A committee focused on promoting acceptance of growing diversity in Naperville Unit District 203 hosted a forum on equity, got more involved with the DuPage County branch of the NAACP and created a video to help recruit diverse teachers -- all within the past year.
Superintendent Dan Bridges told school board members Monday night membership of the diversity committee has grown while it has discussed how to provide equity and excellence in education and how to better reflect student diversity within the teaching and administrative ranks.
"They're having meaningful conversations about inclusive environments," Bridges said about the committee.
Future aims include developing parent education for people who move into the district and providing more opportunities for parents to network. A parent education series could cover "how to navigate the system and how to advocate for your student," Bridges said.
As they work to develop such parent information, administrators plan to continue attending meetings of an education committee under the DuPage County branch of the NAACP.
The organization's president, Mario Lambert of Naperville, said he agrees more should be done to help students and families who move to Naperville or other DuPage County districts assimilate to the culture of West suburban schools.
If a high school student used to dressing in sagging pants, wearing a baseball cap and sitting in the back of the room moves into the district, he might be perceived as uninterested in learning.
"There may need to be extra relationship-building because otherwise, he feels like he's on the outside," Lambert said. "We have to build a relationship with the kids to give them a chance to learn."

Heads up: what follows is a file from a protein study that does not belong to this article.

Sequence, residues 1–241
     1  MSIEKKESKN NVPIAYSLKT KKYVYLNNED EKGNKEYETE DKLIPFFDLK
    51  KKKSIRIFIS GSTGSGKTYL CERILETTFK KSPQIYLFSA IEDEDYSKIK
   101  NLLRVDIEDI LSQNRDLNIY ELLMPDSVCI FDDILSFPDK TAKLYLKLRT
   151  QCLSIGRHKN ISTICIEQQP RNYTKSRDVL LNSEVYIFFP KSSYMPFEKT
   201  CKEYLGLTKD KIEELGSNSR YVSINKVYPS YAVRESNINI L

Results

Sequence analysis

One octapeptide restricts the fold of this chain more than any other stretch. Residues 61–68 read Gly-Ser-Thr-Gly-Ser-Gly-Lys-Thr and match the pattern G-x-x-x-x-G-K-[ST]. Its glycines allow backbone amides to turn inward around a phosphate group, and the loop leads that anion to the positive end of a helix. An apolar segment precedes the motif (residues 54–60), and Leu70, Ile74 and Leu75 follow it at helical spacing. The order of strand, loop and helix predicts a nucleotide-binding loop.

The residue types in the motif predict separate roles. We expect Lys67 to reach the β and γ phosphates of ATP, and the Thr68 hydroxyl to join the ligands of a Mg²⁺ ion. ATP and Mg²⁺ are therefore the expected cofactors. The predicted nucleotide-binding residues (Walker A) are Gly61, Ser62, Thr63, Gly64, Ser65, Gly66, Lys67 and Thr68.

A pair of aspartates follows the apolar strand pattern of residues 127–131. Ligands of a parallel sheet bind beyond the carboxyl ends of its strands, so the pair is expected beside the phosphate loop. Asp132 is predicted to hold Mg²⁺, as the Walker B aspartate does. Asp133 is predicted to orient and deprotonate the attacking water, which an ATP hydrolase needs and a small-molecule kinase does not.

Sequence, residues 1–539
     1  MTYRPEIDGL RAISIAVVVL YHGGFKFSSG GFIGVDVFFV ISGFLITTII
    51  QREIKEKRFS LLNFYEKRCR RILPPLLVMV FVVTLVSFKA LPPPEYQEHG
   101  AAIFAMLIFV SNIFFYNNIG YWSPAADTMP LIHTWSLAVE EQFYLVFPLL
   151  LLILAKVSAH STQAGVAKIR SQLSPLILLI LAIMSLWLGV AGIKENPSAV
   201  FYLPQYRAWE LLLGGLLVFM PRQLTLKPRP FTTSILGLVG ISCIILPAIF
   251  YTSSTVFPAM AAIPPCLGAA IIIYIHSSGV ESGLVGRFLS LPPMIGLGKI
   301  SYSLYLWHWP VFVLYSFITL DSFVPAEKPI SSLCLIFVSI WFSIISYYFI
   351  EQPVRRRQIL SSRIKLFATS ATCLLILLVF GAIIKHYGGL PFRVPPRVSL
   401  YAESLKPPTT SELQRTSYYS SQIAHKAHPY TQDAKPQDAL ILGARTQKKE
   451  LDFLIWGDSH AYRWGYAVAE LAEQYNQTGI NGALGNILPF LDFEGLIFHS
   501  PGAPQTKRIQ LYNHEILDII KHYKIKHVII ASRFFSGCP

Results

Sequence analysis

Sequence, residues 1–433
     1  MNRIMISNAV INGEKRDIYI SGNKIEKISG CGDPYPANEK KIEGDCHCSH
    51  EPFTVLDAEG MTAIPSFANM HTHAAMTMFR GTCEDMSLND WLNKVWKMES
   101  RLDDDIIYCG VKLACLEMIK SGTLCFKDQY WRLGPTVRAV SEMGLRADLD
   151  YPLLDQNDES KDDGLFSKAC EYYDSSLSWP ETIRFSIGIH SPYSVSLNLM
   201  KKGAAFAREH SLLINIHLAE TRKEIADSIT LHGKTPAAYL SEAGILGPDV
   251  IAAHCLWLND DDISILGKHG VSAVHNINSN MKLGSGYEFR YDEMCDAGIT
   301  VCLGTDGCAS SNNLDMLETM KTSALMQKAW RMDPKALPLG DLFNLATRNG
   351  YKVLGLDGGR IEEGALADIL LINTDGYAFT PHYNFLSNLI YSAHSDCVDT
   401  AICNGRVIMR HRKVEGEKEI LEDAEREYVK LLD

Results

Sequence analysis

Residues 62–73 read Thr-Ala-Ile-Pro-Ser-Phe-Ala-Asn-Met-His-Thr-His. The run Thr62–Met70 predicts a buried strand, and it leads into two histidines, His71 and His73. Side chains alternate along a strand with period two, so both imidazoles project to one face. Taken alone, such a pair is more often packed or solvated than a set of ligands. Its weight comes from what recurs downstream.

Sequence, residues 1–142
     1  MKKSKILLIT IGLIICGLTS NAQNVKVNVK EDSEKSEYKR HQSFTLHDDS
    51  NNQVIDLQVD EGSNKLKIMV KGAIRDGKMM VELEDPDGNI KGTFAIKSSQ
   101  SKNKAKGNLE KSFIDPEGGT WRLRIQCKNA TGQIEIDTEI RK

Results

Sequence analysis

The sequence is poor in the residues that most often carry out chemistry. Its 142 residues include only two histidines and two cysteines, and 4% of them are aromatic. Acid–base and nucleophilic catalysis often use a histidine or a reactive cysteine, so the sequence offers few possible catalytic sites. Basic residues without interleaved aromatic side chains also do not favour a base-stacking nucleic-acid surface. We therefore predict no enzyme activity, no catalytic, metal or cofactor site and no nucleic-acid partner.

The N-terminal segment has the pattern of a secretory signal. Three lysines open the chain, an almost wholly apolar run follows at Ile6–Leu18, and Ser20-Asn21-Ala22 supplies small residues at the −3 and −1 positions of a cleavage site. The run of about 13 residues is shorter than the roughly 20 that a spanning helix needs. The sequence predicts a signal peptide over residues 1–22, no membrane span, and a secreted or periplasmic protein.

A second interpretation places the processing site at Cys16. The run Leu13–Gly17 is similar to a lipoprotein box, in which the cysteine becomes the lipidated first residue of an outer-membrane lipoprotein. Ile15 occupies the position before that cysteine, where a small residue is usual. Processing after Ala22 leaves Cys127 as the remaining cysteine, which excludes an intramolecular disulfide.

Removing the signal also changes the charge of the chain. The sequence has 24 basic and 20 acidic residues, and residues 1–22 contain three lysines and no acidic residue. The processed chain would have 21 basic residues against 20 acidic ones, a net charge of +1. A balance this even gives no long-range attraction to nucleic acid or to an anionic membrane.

Deputy Superintendent Kaine Osburn said teachers are learning how to personalize instruction for all students, whether differences arise because of cultural background, religion, previous hometown or living situation, or any other factor.
Teachers and administrators are finding answers to questions like "What does differentiation look like once I understand where a student is coming from in their cultural or ethnic experience?" Osburn said. "How are we communicating with families that we haven't been reaching until now?"
Administrators Monday night also played part of a recruitment video developed to entice diverse candidates to teach in District 203. The video conveys three main points, Osburn said: Naperville is a "wonderful" community in which to live and work, the district has high standards for student achievement, and the district understands the importance of having a diverse staff.
Lambert said he supports the goal of bringing diverse teachers to the Western suburbs.
"We believe what creates a great outcome for student achievement is for all students to get exposure to diverse teachers and leaders," Lambert said. "It's not just good for the minority kids; it's good for all kids."